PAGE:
We talked about attendance a bit, but I prefaced the discussion by saying that I understood that few people really enjoyed 8AM classes: we couldn't control the scheduling, so I wondered if there was anything else contributing to low attendance. For those who don't know, I don't record student attendance or grade participation, but I won't go into my philosophical and pedagogic argument for that here—that's for another blog post. However, because I don't give "points" for attendance, one student framed it as, "People don't come to class because you don't care if they come or not." I pushed back a bit, and he backpedaled on the "don't care" part, but this idiomatic expression belies the mental model. I would argue that I don't take attendance because I do care, but it's very easy for students to misconstrue this. As in many cases, it's the students who are least capable of drawing this conclusion who are in the direst situations from missing it.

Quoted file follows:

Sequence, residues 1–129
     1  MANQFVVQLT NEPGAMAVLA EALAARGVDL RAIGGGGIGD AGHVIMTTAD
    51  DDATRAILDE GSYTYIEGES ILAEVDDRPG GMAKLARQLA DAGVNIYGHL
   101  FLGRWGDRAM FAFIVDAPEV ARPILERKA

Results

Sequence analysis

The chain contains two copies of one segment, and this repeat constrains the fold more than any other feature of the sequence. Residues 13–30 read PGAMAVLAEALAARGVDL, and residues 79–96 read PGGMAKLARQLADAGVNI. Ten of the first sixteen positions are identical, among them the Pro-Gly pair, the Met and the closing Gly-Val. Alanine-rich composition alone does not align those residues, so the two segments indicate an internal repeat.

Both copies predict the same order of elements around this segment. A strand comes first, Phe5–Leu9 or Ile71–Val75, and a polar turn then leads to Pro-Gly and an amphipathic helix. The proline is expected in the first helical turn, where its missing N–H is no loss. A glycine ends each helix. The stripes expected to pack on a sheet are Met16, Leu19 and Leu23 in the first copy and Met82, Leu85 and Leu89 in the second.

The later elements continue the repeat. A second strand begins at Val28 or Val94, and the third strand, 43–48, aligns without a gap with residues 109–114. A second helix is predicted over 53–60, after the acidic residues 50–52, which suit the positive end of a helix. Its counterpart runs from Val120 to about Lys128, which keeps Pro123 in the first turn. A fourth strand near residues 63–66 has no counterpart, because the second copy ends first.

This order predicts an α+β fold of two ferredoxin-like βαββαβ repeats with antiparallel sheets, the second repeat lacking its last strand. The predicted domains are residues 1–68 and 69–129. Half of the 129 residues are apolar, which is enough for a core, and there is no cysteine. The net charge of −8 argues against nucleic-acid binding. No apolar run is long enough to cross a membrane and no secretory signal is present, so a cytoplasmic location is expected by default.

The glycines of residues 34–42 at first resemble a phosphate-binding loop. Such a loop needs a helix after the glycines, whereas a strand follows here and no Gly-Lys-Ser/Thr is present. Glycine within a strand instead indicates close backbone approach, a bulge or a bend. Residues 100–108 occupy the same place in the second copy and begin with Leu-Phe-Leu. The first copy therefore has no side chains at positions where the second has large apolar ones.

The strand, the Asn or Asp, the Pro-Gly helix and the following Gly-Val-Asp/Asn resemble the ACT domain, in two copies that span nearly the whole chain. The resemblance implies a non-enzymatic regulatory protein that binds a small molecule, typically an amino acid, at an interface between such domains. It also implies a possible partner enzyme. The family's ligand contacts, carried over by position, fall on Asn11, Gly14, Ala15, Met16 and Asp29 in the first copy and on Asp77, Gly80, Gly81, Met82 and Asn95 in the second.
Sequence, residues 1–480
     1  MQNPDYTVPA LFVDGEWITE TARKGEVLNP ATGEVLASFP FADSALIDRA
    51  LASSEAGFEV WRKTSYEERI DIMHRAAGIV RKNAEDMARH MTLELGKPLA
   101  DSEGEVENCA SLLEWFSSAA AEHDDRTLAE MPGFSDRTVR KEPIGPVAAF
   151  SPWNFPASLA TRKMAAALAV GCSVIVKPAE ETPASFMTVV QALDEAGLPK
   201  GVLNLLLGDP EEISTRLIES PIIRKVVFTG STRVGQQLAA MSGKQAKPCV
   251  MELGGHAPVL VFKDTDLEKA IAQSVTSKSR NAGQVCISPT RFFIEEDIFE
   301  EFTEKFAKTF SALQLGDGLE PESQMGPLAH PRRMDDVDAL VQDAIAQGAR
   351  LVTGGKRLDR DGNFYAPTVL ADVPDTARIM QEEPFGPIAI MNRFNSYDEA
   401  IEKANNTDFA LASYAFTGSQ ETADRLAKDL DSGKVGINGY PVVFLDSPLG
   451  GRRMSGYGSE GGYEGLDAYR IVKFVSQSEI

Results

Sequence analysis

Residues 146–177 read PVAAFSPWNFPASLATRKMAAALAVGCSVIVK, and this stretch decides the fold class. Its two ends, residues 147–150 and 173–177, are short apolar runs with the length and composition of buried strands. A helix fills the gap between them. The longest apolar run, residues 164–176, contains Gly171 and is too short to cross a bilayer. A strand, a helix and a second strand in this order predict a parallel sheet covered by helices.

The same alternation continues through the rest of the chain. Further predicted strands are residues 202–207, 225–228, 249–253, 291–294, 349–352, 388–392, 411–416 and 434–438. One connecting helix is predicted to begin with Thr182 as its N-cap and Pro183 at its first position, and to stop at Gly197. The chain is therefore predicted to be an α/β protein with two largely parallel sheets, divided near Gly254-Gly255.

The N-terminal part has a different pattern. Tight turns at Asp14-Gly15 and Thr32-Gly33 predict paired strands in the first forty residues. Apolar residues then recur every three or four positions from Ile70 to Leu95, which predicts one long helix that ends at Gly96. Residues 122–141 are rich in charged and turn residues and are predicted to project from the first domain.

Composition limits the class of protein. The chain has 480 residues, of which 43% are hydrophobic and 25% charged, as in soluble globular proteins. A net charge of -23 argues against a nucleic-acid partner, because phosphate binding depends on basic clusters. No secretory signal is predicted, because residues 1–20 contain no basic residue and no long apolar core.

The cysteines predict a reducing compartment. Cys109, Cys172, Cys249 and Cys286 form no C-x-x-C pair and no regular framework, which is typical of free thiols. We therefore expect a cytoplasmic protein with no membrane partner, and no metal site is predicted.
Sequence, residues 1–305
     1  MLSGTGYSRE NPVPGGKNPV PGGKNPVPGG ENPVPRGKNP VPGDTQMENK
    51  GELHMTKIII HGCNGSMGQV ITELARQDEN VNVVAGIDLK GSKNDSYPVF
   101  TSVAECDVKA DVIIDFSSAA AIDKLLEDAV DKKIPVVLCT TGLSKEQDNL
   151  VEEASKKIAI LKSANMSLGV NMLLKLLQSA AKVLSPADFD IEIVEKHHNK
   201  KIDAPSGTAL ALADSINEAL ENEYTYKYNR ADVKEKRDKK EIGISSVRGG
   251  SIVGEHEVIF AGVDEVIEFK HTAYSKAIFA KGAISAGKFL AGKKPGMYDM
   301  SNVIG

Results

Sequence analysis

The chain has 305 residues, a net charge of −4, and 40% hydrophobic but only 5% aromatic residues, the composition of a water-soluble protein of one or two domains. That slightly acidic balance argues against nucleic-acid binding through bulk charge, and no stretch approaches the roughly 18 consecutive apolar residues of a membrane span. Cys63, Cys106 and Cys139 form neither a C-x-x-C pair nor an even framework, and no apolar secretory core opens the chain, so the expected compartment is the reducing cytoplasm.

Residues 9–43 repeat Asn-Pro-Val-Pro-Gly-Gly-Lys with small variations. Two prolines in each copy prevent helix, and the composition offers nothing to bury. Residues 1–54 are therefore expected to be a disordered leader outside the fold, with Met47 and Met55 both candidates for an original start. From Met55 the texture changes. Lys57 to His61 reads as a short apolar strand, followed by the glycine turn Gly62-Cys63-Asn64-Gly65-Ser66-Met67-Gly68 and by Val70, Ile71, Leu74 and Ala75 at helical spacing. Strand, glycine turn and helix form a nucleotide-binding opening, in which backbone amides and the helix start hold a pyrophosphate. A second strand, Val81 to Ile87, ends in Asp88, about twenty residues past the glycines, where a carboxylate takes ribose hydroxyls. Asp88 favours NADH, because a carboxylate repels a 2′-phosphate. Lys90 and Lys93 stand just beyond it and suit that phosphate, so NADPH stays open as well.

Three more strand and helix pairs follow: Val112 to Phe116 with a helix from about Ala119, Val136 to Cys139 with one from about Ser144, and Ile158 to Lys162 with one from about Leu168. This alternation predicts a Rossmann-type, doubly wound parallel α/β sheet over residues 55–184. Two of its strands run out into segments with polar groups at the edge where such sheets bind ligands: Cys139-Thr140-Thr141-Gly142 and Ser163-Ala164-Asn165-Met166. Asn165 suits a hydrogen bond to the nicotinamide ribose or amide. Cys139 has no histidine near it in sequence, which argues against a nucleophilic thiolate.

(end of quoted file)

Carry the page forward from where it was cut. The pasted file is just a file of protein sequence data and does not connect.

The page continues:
The other factor impacting attendance, according to the students, was that some of their peers have the perception that what we do in class doesn't matter: because it is not directly graded, they can simply skip class and ask their peers for a high-level view later. This is not surprising to me, since during the nine weeks of the final project, I use class time on activities that are designed to foster students' success in their projects: code reviews, philosophical discussions, UI design techniques, teamwork skills, and so on. These are not directly graded, but they are carefully designed to complement what students are doing. The ones who skip because these things "are not important" tend to be the cocky ones who can sling a bit of code, but who reject the idea that they are unprofessional in their techniques. Again, tragically, these students miss discussions of concepts such as second-order ignorance, and because they miss the discussion, they miss the point. It does make me wonder if more students would be impacted by changing some of my assessments in the course to directly bring in these concepts,  although I worry that this is a slippery slope leading way from authentic project work. As it is now, students either take my advice or not, and those who do tend to succeed, and those who do not, do not. Some of my best experiences have been with students who rejected feedback in one semester and then enrolled in my class a second time and really nailed it—these are cases where I truly believe I have made a lifelong impact on a student.